Dr. Sandra “Chap” Chapman is the Deputy Director of Programs and Curriculum at Perception Institute where she identifies opportunities to translate the mind sciences and other essential concepts into interactive workshops that build the capacity for clients to shift their mindsets and transform their organizations. Chap facilitates workshops on racial identity development, racial microaggressions, implicit bias, identity / racial anxiety, stereotype threat. Embedded within each concept are tools for helping individuals override unconscious phenomena linked to identity and better connect behavior with values.
Dr. Chap is also the Founder of Chap Equity, an organization rooted in the belief that, through teamwork, we can learn more about ourselves and others; discuss and discover the foundational research needed to address the needs in a community; create conversations that support individuals where they are and confront barrier issues; and create actionable steps towards building stronger educational communities. Beginning in 2019 , Dr. Chap worked as the lead on Identity Development for the Great First Eight Infant and Toddler curriculum and the Preschool curriculum and has assisted in the professional learning for Kindergarten to Second grade projects . Led by Dr. Nell K. Duke, The Great First Eight is a full day, project-based curriculum designed to integrate all disciplines, prioritizing science and social studies to an unprecedented degree for the infant through primary grades, and to support educators in enacting culturally relevant pedagogy.
Dr. Chap is an afrolatina and native New Yorker, born and raised in El Barrio, or Spanish Harlem, in New York City. All of Dr. Chap’s formal educational experiences occurred in New York City, from her early childhood days in Head Start and elementary school in Spanish Harlem; college at Fordham University in Lincoln Center; and Bank Street College of Education for her Masters in Education. In December, 2015 Chap completed her Educational Doctorate in Executive Leadership from St. John Fisher College and her dissertation was titled, The Role of Racial-Ethnic Identity and Family Socialization on Student Engagement: Latino Youth in Select New York City Independent Schools. Dr. Chap is the co-author of Black Girl on the Playground (Teaching Beautiful Brilliant Black Girls, Corwin Press, 2021) and an article about the working relationship between the Head of School and the Direction of Diversity for the NAIS Magazine called, The Power of Conversation (Summer 2014).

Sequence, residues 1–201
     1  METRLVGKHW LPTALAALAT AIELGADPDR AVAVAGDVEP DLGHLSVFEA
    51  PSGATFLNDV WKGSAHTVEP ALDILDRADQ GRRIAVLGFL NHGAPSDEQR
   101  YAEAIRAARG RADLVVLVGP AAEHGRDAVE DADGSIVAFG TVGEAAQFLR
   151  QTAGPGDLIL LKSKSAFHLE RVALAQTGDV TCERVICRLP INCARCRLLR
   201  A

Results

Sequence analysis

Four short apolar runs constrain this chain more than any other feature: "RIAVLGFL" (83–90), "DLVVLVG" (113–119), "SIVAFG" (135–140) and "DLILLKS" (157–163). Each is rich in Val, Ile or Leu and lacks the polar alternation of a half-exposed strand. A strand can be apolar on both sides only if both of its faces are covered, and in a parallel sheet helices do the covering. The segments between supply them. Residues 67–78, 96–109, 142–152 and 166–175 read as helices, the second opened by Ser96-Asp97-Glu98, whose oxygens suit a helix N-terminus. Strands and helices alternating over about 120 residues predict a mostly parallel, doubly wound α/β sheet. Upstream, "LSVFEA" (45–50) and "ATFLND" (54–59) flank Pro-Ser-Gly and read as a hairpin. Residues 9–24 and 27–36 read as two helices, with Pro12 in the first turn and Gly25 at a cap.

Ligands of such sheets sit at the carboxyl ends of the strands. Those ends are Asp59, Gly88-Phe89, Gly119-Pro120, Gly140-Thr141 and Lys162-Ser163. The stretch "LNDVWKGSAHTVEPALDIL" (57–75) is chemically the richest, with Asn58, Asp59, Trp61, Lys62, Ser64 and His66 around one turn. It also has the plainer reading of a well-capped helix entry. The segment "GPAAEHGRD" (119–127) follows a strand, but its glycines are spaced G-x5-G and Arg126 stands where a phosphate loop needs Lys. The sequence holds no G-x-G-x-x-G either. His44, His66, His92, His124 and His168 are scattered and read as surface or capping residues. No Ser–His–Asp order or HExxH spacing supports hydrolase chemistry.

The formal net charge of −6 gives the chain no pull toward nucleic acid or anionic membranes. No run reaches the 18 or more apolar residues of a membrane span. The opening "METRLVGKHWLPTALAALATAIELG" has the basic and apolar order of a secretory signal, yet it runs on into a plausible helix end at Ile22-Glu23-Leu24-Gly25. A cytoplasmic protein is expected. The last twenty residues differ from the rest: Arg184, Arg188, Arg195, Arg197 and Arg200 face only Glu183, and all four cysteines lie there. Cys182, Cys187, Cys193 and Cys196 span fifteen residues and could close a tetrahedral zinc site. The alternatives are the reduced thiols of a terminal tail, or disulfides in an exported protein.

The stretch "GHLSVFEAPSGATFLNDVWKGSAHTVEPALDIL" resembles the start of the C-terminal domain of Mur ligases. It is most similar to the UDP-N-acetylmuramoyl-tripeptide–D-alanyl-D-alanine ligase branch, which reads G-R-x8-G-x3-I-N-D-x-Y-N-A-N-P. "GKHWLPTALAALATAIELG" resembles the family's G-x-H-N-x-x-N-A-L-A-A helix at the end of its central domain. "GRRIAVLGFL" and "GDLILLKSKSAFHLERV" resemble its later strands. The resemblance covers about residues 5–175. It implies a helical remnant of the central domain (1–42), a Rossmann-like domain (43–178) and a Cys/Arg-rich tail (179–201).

Dr. Chap served on the faculty of the National Association of Independent Schools Diversity Leadership Institute for nine years. During this week-long residential institute she facilitated conversations on racial identity development and racial microaggressions. Prior to launching her consulting work under Chap Equity and joining Perception Institute, Chap was the Director of Equity and Community at the Little Red School House and Elisabeth Irwin High School (LREI) for 13 years. In her role at LREI she worked on issues related to equity, diversity, social justice, inclusion and anti-bias curriculum. In addition to her years at LREI, Chap has worked at Manhattan Country School and the Bank Street School for Children, all independent schools in New York City. With 30 years in NYC independent schools, and a lifetime of personal experiences in school and other not-for-profit organizations across the country, Chap has a broad range of knowledge regarding children and their social, cognitive, physical, spiritual and emotional selves, as well as the role loving adults play in children’s lives.
Chap is the proud single mother of Sophia (23) and Andrei (18)!